He said he hopes Tomblin will limit the special session agenda to redistricting, with the possible exception of agreed-to legislation, such as the bill that died at the end of the regular session to allow coal-producing counties to keep a larger percentage of coal severance tax revenues.
In 2001, the redistricting special session lasted 10 days, starting on Sept. 10 and ending Sept. 19.
However, Unger noted that a couple of days in that session were effectively lost because of the Sept. 11 al-Qaida terrorist attacks. That session's agenda also included other issues, including final passage of legislation to create the state's Family Courts system, and corrections to legislation passed earlier that year legalizing statewide Limited Video Lottery.
In 1991, it took even longer to complete the redistricting plans.
After several false starts, legislators began a special session on Sept. 30. That session ended 19 days later, with passage of bills dealing with landfill regulation, and creating a $6 million medical education fund, but with redistricting unresolved.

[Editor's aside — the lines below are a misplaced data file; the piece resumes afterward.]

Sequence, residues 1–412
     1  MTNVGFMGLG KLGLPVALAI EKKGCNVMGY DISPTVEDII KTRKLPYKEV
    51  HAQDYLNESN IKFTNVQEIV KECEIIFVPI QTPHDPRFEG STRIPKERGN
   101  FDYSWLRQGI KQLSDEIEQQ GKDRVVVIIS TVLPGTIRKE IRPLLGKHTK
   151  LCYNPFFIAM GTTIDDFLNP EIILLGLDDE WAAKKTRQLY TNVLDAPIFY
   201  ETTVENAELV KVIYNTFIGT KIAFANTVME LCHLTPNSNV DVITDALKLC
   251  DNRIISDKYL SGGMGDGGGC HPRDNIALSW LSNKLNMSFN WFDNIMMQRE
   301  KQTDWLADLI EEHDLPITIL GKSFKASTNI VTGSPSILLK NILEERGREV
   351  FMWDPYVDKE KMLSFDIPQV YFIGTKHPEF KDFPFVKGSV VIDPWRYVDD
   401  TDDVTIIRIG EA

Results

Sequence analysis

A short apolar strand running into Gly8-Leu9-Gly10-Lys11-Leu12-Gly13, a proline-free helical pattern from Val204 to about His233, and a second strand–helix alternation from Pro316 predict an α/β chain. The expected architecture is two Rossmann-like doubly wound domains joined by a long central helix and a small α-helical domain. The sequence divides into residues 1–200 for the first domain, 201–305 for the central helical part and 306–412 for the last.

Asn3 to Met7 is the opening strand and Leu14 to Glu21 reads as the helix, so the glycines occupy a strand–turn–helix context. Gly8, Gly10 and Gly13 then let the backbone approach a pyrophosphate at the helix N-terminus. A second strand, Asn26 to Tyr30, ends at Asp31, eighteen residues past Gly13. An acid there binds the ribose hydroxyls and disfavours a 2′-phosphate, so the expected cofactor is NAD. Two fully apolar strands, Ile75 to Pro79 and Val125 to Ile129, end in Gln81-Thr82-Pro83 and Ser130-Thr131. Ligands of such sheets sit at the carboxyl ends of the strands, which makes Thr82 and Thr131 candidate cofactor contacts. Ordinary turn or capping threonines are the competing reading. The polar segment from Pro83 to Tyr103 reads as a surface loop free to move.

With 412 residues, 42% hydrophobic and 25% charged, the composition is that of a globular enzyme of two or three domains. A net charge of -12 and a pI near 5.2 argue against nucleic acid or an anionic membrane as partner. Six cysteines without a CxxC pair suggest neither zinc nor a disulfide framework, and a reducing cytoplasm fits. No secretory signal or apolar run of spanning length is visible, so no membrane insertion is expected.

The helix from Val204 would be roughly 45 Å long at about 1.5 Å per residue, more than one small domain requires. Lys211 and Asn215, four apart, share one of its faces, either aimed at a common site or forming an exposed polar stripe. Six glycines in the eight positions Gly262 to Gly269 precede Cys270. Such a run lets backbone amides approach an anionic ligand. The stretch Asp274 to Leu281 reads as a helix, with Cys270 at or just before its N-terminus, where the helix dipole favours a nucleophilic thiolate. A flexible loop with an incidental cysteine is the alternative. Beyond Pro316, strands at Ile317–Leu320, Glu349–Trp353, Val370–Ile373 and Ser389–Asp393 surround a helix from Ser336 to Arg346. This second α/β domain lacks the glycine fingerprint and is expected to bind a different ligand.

Legislators returned to Charleston on Dec. 6 and completed work on redistricting plans seven days later.
The key struggle that year was over eliminating one of the state's four congressional districts.
In the House, the key issue this time will be whether to reduce the number of multi-member delegate districts, while Unger said the Senate will have to deal with a shift in the state's population from the Southern counties to the Eastern Panhandle and north-central areas of the state.
Unger said that population shift likely will require the elimination of the 17th Senatorial District in Kanawha County, with part of the county going into an adjoining senatorial district.
"The question is," Unger said, "which way will part of Kanawha County go? Which county or counties will it attach to?"
Reach Phil Kabler at ph...@wvgazette.com or 304-348-1220.